networks [Population Biology]
    • Authors: Quan-Hui Liu; Marco Ajelli, Alberto Aleta, Stefano Merler, Yamir Moreno, Alessandro Vespignani
      Pages: 12680 - 12685
      Abstract: The basic reproduction number is one of the conceptual cornerstones of mathematical epidemiology. Its classical definition as the number of secondary cases generated by a typical infected individual in a fully susceptible population finds a clear analytical expression in homogeneous and stratified mixing models. Along with the generation time (the...
      PubDate: 2018-12-11T10:16:37-08:00
      DOI: 10.1073/pnas.1811115115
      Issue No: Vol. 115, No. 50 (2018)
  • Directing the reactivity of metal hydrides for selective CO2 reduction
    • Authors: Bianca M. Ceballos; Jenny Y. Yang
      Pages: 12686 - 12691
      Abstract: A critical challenge in electrocatalytic CO2 reduction to renewable fuels is product selectivity. Desirable products of CO2 reduction require proton equivalents, but key catalytic intermediates can also be competent for direct proton reduction to H2. Understanding how to manage divergent reaction pathways at these shared intermediates is essential to achieving...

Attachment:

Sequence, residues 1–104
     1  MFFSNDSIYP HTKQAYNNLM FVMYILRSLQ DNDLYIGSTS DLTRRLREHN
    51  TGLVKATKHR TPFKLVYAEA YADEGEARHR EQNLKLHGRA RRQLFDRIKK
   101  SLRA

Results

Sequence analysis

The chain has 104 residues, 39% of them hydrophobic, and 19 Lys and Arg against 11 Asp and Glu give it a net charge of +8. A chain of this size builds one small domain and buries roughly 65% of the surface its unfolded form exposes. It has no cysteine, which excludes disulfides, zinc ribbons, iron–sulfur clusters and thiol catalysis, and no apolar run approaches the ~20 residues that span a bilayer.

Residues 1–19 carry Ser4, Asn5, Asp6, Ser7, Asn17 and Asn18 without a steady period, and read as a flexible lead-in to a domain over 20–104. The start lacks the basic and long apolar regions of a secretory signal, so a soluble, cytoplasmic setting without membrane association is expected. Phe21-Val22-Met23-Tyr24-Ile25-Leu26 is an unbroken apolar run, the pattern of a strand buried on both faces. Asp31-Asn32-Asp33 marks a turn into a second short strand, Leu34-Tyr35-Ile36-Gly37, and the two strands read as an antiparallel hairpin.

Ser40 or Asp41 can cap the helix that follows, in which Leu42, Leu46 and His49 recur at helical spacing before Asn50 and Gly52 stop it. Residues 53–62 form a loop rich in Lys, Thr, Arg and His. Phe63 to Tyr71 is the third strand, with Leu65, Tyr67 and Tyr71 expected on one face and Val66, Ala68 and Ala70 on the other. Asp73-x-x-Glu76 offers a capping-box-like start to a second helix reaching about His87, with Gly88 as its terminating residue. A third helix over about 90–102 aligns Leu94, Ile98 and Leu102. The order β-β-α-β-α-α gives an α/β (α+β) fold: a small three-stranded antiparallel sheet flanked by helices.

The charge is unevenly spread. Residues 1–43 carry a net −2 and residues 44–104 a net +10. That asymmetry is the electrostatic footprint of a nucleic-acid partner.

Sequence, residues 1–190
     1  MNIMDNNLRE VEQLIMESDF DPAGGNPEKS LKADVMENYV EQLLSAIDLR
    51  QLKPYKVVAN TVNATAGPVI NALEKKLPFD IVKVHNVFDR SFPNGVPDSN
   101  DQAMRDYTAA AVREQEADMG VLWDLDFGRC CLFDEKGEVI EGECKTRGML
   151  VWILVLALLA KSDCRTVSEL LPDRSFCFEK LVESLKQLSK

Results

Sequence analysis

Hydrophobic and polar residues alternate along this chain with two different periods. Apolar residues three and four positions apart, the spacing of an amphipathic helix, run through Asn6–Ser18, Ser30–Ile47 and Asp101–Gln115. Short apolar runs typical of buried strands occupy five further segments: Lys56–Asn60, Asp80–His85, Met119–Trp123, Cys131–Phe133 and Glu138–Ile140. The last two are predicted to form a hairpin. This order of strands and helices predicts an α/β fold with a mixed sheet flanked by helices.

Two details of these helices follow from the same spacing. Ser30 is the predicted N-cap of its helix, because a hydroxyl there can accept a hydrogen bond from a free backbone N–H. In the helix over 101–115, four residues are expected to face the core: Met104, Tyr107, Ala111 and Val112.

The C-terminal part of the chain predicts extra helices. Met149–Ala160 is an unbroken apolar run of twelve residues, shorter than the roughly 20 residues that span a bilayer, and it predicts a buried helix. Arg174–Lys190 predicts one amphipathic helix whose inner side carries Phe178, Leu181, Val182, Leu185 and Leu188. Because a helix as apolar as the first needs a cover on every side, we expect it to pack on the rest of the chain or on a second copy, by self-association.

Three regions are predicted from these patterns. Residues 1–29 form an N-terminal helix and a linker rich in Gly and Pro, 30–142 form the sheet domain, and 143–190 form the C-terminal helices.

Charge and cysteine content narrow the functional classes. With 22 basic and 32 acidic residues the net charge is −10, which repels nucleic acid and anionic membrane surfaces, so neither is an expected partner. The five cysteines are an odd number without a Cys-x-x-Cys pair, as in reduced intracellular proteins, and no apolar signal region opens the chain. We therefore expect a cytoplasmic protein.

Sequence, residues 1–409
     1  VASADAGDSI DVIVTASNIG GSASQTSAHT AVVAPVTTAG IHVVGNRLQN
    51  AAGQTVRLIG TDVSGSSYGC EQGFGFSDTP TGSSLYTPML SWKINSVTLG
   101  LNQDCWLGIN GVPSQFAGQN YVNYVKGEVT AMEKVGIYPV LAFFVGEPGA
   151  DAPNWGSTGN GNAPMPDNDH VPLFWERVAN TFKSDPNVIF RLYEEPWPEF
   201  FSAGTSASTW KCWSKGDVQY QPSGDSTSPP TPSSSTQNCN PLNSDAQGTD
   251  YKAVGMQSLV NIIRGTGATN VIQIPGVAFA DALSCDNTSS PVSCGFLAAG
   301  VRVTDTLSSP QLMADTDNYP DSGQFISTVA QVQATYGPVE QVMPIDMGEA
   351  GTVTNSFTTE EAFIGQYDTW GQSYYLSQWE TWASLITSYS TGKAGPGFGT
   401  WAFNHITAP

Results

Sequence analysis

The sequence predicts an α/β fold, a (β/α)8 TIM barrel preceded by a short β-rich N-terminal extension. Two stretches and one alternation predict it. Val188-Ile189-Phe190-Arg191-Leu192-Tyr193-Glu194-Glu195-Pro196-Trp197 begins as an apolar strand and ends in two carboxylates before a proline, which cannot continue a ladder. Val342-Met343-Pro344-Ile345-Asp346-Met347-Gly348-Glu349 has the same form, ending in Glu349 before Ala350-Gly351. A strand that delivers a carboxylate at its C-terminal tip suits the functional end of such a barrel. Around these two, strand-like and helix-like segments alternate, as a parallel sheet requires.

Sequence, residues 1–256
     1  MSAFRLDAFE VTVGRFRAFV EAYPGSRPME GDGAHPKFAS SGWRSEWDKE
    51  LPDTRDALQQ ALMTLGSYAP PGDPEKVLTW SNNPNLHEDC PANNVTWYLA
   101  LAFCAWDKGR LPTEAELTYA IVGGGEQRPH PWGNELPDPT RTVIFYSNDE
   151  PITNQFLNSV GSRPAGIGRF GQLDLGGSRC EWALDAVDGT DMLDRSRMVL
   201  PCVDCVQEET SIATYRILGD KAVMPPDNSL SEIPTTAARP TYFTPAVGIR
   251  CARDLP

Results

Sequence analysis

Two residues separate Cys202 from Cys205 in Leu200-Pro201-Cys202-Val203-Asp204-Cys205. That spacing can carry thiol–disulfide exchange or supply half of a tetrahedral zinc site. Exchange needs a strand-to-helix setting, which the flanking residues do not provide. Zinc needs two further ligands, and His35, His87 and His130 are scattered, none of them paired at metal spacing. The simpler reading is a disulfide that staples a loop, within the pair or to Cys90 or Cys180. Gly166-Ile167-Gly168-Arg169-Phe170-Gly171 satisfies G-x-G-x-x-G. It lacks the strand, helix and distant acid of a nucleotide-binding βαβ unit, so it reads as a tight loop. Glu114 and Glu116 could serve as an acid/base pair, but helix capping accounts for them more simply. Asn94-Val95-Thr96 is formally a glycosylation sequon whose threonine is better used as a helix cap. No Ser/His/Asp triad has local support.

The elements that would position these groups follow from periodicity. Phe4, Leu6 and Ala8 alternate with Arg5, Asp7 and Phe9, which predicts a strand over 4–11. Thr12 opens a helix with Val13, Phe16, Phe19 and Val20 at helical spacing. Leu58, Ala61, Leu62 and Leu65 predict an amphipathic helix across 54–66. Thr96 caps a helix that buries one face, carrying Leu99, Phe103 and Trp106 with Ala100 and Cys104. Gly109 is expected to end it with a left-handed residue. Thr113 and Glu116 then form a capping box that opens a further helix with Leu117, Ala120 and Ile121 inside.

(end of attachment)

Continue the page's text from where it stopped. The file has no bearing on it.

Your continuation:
PubDate: 2018-12-11T10:16:37-08:00
      DOI: 10.1073/pnas.1811396115
      Issue No: Vol. 115, No. 50 (2018)
  • Single-atomic cobalt sites embedded in hierarchically ordered porous
           nitrogen-doped carbon as a superior bifunctional electrocatalyst
    • Authors: Tingting Sun; Shu Zhao, Wenxing Chen, Dong Zhai, Juncai Dong, Yu Wang, Shaolong Zhang, Aijuan Han, Lin Gu, Rong Yu, Xiaodong Wen, Hanlin Ren, Lianbin Xu, Chen Chen, Qing Peng, Dingsheng Wang, Yadong Li
      Pages: 12692 - 12697
      Abstract: Exploring efficient and cost-effective catalysts to replace precious metal catalysts, such as Pt, for electrocatalytic oxygen reduction reaction (ORR) and hydrogen evolution reaction (HER) holds great promise for renewable energy technologies. Herein, we prepare a type of Co catalyst with single-atomic Co sites embedded in hierarchically ordered porous N-doped carbon...